These portraits are coming much easier
Deciding where the glass goes is getting to be pretty difficult. I would like to do more extravagant portraits. Those are coming. I think up until now I’ve been trying to stick the landing on just…better, more accurate portraits. I’ve been consciously updating the portraits I did ten years ago from London Underground. Same dimensions, same kind of aesthetic- just better. More engaging, more accurate, hopefully more thought provoking. Here are some of the portraits I made then:
While there’s something I still like about these- the simplicity, the clear attempt to solve problems, the color style, the cut paper, they are definitely a lot more rudimentary. For comparison, here is the N. Braddock series so far:
I had to dig the London portrait pictures out from my archives. I can’t believe I’ve never posted about them online. They were the first serious painting series I ever did and the first time I tried to do the human figure in a real way. It was…killer. I would cut all that paper up in my six person college living situation, slowly crafting the paintings together, revising constantly. Making that old woman look like a woman was a sixty hour process maybe. That could be an overestimation, but it might be accurate. I think it took me 11-12 months or more to finish all 8 of the London portraits. When I was finished I couldn’t believe I had made paintings that had worked as well as they did.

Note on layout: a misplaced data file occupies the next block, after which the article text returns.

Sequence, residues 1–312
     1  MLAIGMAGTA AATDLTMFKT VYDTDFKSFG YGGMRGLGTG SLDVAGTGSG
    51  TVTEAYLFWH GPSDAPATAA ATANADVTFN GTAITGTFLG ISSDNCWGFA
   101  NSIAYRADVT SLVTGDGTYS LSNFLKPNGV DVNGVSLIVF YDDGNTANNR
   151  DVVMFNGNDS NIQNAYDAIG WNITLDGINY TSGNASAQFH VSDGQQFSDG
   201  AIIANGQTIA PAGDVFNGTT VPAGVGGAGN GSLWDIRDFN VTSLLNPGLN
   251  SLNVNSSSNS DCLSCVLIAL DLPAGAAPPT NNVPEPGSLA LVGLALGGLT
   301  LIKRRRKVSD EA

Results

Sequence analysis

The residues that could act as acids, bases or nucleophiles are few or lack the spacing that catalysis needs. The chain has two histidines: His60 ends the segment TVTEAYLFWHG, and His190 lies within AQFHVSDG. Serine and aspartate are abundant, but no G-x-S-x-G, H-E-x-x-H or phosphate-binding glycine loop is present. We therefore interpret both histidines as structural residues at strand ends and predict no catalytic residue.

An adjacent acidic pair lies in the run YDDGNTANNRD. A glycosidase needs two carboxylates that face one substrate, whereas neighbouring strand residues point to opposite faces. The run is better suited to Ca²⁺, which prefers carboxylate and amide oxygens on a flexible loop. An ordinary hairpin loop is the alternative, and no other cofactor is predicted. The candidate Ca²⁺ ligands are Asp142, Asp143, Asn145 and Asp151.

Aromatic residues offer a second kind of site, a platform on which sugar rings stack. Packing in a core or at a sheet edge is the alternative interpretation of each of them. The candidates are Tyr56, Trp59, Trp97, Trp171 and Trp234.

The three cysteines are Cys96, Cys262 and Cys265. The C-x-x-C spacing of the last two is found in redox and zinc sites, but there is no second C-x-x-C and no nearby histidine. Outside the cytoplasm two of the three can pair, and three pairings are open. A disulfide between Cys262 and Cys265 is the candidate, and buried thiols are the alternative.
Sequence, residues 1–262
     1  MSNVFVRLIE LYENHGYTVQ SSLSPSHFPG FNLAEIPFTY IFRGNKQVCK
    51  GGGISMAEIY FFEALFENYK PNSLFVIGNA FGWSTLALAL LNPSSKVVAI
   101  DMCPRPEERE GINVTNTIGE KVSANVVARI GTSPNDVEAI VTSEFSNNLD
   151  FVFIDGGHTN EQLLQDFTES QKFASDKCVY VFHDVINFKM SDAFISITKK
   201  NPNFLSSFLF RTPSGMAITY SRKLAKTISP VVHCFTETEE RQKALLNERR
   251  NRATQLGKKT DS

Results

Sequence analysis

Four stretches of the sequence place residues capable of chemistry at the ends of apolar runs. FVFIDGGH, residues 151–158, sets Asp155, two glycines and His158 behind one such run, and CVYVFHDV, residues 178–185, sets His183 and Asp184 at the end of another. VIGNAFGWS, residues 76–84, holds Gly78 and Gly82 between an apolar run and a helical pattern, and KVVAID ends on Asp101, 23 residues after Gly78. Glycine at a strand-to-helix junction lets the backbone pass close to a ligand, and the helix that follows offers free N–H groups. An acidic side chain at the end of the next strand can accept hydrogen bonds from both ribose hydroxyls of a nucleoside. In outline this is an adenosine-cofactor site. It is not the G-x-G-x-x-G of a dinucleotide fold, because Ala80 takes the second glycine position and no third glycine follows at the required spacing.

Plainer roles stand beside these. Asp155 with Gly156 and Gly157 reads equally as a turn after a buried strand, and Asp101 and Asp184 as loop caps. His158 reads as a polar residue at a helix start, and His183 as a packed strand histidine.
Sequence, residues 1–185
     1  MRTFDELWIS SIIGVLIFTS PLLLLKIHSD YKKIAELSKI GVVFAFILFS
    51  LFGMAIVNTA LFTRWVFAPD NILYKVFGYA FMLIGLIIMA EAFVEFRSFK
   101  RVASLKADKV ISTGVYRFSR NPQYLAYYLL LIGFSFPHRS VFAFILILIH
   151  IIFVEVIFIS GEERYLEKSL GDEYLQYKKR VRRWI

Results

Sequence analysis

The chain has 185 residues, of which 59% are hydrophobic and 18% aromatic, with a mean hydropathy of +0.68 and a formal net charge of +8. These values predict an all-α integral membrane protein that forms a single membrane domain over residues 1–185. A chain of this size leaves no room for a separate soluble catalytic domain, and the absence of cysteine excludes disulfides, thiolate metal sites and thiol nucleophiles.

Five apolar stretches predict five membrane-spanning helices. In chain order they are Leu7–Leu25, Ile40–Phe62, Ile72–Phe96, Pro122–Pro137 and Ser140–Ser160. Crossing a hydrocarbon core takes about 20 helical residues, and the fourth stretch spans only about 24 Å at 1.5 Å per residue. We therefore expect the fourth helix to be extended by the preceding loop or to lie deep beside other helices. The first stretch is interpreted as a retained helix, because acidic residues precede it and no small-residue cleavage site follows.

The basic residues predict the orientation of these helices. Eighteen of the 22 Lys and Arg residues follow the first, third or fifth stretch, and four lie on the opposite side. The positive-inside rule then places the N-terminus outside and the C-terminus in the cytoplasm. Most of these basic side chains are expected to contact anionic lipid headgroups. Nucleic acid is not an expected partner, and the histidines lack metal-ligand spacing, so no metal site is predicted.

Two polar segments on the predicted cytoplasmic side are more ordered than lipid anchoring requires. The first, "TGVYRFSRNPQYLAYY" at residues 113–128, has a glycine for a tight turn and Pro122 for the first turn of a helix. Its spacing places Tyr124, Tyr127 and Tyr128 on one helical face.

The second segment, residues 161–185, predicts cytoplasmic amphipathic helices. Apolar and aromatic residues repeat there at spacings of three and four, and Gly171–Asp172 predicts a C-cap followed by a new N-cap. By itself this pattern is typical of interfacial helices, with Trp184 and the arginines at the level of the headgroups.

I think the new portraits have the spirit of the old ones, but are (hopefully) twice as interesting. One of the ideas I tried to do for the London portraits was to include semi-representative colors. At the time, blue was as good as I was able to do- wasn’t sure how to use red or green. Fauvists did stuff like that, though to be sure they had a wild color theory that unified what they were trying to do. I’ve been recently trying to approximate my way to a shared, gut level equilibrium between color and light. Sometimes in the new portraits the glass is color (like, a substitute color) or it’s a stand in for light. By not having a fully consistent rule about the glass, I’m hoping to arrive at a sense of fulfilling approximation.
Haven’t quite worked out the problem of the background of the London portraits. At the time, I was trying to do something purposely simple. I wanted to have the canvas (wood) show through while slightly representing the black of the glass behind the train riders. At the time, a bunch of people said it didn’t work . And…they were right. It mostly distracts from the portraits. What do I do then instead? I’ve been playing with ideas. Low resolution versions of the background the person was in when I took the picture, one color background, stroke pattern from cleaning by brushes, or intentional directional strokes.
I’m proud of my London portraits not being all just looking at the camera. Even then I figured that was lazy. It’s the easiest portrait for me to do, honestly, and I didn’t want to start by taking an easy way out. The last two portraits took around 3-5 hours each. Things have gotten better and easier- that’s what ten years will do, I guess.
I’ll post the rest of the London portraits at some point, talk about that time in my life. Once COVID ends and I can get more photos of people, I’m going to churn portraits out like a machine.